Lara Walsh/Elite Daily

Influencers tend to only show the masseuse gently working on their stomaches and legs with their hands, so I was definitely not expecting all the different wooden lymphatic drainage tools that were used during my treatment.

The specialist used about six different instruments total, rolling up or down in the direction of my lymph nodes. The one that felt the most uncomfortable to me looked like a stick with large wooden squares, but I gradually started to relax once I got over the initial surprise.

For my stomach, she used something that almost looked like a wooden cup, and moved it around in circular and C-shaped motions. While this was a little less intense than the movements on the legs and arms, it did feel kind of weird to have someone massaging my stomach and putting that much time into it. She also used what looked like a rolling pin with beads to roll down towards my pelvis, starting from my belly button, and also took turns gently pressing down on either side of my stomach with her hands.

In addition to the lymphatic drainage treatment, my masseuse also took breaks from the rolling to massage my hands, feet, ankles, shoulders, and upper back with her hands, which felt like something you’d get from a typical massage. While I didn’t feel like my knots were all gone in my shoulders, my body definitely felt more relaxed overall when the hour-long massage was over.

I Felt & Saw Results After My Lymphatic Drainage Massage The Next Day

Based on all the before-and-after footage on social media, I expected immediate, dramatic results, but I didn’t notice any difference aesthetically or energy-wise right away — at least in a positive way. If anything, I felt a bit of a headache, as well as tired, kind of dehydrated, and dizzy. I also felt extremely sore on my legs and butt, almost as if I was a few days in after a major workout. The one visually apparent change was that my skin was a little pink.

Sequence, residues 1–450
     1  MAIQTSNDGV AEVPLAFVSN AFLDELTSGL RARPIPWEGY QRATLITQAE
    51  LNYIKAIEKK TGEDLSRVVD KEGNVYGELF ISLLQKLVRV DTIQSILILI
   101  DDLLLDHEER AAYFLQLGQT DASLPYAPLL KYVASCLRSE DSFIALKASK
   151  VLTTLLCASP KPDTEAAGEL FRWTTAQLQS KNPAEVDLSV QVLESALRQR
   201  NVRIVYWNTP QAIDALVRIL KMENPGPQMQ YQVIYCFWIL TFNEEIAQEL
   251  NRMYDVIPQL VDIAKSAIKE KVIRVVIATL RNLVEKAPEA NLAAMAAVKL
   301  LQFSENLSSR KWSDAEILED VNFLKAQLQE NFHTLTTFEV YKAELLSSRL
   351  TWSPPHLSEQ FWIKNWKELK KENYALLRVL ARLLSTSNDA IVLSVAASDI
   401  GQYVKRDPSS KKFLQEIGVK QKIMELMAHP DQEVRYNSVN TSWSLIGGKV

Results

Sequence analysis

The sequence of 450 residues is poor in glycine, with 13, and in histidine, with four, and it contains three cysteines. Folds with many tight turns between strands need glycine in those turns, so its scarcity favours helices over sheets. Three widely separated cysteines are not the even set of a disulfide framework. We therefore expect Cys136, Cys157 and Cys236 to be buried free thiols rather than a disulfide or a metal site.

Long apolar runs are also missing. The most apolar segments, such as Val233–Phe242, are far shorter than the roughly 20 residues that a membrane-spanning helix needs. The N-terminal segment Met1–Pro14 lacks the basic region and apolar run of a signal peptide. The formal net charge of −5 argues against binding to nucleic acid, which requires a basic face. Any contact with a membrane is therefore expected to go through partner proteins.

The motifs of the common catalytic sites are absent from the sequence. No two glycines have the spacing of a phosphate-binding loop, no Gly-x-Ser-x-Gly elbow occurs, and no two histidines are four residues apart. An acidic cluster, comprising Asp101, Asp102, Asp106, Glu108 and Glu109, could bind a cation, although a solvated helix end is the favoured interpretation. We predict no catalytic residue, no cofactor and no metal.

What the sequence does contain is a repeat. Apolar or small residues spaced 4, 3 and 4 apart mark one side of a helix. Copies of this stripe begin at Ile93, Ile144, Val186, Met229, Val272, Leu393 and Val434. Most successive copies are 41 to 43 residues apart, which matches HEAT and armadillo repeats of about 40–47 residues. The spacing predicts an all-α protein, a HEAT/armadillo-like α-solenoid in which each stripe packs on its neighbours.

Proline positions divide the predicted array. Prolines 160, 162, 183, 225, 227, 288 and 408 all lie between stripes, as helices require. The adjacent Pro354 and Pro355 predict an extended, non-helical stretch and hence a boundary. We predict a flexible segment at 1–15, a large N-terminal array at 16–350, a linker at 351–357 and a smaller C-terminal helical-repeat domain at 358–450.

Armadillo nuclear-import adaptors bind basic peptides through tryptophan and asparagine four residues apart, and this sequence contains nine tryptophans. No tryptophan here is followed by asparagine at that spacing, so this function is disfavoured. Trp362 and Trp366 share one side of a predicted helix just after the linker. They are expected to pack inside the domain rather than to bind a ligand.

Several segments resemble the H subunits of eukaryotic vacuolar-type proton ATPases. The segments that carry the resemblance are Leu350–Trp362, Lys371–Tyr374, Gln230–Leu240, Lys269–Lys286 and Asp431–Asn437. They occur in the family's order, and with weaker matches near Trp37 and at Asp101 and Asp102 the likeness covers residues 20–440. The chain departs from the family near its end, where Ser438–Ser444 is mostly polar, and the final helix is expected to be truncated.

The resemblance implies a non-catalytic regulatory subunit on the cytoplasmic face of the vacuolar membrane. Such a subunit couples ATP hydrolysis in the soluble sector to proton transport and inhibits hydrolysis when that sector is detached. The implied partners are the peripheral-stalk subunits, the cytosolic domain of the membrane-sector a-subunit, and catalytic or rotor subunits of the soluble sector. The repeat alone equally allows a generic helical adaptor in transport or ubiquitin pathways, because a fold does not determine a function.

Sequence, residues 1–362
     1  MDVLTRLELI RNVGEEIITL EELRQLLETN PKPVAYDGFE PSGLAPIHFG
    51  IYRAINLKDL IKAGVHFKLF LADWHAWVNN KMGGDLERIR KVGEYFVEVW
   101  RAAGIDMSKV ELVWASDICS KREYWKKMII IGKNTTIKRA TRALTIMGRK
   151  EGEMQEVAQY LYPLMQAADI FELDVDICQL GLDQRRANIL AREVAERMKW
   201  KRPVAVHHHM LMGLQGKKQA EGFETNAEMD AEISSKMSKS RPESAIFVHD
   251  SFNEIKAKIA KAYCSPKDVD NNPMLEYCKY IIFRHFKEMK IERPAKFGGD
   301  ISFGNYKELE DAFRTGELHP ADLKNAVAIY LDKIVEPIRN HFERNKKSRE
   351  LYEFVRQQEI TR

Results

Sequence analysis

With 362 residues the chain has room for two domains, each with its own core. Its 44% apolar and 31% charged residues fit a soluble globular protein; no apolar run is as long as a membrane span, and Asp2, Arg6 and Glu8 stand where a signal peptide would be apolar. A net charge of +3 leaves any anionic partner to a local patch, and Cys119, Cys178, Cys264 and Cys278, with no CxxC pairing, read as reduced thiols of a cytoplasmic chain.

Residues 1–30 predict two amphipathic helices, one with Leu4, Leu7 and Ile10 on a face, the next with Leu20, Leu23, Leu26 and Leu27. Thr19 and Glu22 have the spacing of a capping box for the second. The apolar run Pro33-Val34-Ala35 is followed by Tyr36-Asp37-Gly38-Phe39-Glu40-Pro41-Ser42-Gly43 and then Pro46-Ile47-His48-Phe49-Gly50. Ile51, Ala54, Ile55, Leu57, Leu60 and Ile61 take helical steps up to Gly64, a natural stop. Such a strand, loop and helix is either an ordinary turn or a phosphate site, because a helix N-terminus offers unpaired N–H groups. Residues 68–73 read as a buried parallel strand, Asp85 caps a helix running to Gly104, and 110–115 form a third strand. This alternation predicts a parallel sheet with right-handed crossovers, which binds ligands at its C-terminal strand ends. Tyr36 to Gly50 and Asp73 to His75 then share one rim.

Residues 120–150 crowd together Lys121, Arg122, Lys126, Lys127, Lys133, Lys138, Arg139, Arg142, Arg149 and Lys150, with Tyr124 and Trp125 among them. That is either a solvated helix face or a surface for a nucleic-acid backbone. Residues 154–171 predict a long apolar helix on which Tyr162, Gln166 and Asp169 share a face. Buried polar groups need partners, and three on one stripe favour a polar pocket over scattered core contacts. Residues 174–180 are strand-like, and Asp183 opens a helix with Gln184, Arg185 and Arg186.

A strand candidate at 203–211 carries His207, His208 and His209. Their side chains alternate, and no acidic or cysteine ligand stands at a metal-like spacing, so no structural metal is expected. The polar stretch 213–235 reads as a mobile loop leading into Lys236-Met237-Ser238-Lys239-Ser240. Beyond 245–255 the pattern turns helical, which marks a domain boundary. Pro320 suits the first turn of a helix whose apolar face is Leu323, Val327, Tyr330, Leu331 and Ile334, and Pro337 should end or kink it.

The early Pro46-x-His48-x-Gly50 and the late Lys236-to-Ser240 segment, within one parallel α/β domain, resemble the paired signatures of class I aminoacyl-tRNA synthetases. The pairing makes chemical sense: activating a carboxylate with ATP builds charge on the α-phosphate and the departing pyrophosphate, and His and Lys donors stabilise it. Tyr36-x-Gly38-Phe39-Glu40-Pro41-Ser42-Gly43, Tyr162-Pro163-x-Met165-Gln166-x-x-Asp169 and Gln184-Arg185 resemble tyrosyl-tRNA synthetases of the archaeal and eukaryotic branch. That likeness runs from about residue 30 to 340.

The masseuse told me these side effects were normal, advising me to eat light that evening and also to make sure to hydrate a lot so that my lymphatic system could best flush out any toxins. She said that doing that for the next 72 hours and avoiding alcohol could really help maximize the benefits of the lymphatic drainage massage. Again, drinking lots of water and eating on the healthier side seems to be commonplace for getting rid of bloat and increasing energy, so I wondered if the results I saw the next morning could be 100% contributed to the massage.

Lara Walsh/Elite Daily

The after-effects started to settle in the next morning. For starters, I woke up much earlier than normal after a solid night of sleep (what a concept). I immediately noticed that I felt very alert and that it was much easier to focus. I drank a glass of water before my coffee, and noticed that while my skin was still a little blotchy, my stomach did seem a little bit more defined. However, the most obvious after-effects for me were my increased energy levels. After struggling with lethargy from winter gloom and lingering tiredness from a week-long cold, it was noticeable how much better I felt.

So, Is A Lymphatic Drainage Massage Really Worth It?

While I felt really energized and like my stomach had more definition than usual the next day, I don’t know if I would regularly spend $150 on lymphatic drainage massages as the benefits only lasted two days for me. Since you’re asked to arrive on an empty stomach and eat light afterwards, I also wonder how much of the results could be attributed to that versus the actual drainage itself.

According to Dr. Chacon, it’s normal to witness improvements within 24 hours, but each body requires a different number of treatments to get long-lasting improvements. She suggested doing lymphatic drainage once a week to once a month for the greatest results. “After-care is arguably the most crucial step,” she added. “Making sure you get enough hydration for 48 hours after the treatment helps encourage drainage.”

If you’re on a KarJenner budget or are someone who’s getting the treatment for free, regularly scheduling a lymphatic drainage massage might make sense as I definitely noticed both cosmetic and non-cosmetic benefits post-treatment. However, someone who’s looking for a cheaper way to activate their lymphatic system might want to try a Gua Sha facial massage or even look into dry brushing at home.

Expert cited:

Dr. Anna Chacon, a double board-certified dermatologist specializing in medical, surgical, and cosmetic dermatology

This article was originally published on